On the occasion of the Hungarian National Day for the Victims of Communism (February 25th) the Balassi Institute – Hungarian Cultural Center in New York, together with the Owner Organizations of the Hungarian House of New York: the American Hungarian Library and Historical Society, the Hungarian Scout Associations in Exteris, and the Széchenyi István Society organized the event of the screening of and panel discussion on
CONDEMNED TO LIVE
Directed by Noémi Veronika Szakonyi and Máté Artur Vincze
Saturday, February 24, 2017, 6 pm
Hungarian House of New York
213 E 82 Street, New York, NY, 10028
Condemned to Live (Hungarian: Életre ítéltek) is a Hungarian documentary by Noémi Veronika Szakonyi and Máté Artur Vincze, made by the commission of the Hungarian Institute for National Heritage. Picturing retribution in Hungary after the crushing of the Revolution and War of independence of 1956, the film introduces the infamous Little Quarter, a used-to-be execution site through the recollections of former victims. Out of the four survivors appearing in the movie (Jenő Fónay, János Puchert, László Regéczy-Nagy and Mária Wittner), three had escaped from the rope at the last minute, but many of the former prisoners were executed. The 53-minute long movie shows these characters in alternating order through four stories appearing in their own homes, and the chronologically progressive story unfolding from their narratives gradually leads the viewer from the past to the present.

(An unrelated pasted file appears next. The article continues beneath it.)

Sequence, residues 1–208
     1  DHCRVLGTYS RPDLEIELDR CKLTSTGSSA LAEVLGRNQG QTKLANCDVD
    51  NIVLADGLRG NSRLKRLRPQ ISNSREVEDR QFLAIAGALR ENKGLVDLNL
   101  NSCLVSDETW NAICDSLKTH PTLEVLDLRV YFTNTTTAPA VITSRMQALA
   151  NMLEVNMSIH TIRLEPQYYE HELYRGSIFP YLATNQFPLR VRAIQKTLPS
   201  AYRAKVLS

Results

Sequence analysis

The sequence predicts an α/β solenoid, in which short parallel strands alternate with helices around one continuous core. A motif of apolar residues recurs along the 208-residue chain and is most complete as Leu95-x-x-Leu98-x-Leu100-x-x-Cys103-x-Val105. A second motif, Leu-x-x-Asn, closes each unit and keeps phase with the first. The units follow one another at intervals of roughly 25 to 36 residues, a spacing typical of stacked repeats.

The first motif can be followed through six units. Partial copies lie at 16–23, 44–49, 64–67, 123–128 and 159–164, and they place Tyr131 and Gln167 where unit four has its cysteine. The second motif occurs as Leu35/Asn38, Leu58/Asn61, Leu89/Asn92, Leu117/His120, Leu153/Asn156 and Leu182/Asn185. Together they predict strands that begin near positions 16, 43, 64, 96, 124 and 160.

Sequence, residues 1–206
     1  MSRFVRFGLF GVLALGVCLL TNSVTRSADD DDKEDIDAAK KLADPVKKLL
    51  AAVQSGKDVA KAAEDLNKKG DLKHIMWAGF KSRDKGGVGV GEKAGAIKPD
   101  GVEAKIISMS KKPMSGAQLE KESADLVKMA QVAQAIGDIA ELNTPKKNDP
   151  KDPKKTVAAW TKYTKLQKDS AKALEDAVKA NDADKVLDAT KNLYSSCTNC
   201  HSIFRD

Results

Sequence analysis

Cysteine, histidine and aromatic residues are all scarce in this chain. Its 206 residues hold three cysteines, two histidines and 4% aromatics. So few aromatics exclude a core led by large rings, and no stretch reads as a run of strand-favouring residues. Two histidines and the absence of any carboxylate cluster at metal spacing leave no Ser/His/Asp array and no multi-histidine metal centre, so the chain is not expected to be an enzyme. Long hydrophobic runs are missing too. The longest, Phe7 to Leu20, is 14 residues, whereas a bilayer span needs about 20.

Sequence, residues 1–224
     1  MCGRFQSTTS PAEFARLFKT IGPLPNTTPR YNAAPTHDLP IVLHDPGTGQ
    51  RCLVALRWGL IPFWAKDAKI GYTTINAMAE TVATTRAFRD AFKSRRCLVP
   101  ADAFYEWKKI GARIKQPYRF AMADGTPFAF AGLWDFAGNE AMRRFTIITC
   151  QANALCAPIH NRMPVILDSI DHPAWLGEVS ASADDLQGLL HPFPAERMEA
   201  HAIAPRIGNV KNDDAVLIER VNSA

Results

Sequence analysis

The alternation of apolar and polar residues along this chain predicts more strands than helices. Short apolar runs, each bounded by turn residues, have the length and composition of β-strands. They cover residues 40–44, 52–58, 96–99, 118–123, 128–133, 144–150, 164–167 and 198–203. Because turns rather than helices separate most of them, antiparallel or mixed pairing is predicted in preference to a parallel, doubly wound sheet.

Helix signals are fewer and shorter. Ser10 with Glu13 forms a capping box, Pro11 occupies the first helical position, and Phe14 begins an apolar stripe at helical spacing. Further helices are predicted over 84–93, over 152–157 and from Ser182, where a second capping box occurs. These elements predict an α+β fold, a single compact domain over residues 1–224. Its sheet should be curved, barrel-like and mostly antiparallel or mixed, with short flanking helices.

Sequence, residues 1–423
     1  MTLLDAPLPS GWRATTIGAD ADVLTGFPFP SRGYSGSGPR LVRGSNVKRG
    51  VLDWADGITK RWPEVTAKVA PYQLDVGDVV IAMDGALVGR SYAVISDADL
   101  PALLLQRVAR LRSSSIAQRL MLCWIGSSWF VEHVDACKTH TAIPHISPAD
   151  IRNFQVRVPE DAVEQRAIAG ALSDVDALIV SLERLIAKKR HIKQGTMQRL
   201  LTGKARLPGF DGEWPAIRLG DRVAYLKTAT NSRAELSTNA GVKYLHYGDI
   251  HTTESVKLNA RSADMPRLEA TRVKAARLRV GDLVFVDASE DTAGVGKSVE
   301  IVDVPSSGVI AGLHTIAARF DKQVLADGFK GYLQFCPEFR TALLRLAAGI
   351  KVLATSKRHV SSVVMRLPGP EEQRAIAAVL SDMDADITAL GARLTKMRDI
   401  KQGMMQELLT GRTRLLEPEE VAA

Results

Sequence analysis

Condemned to Live uncovers shockingly the inexhaustibility of this trauma and the unstoppable constraint of the survivors to remember. Condemned to Live were cast on several Hungarian television programs and it was selected in the competition program of the 2016 Hungarian Film Week, and have been screened in the United States at several events and festivals to great success.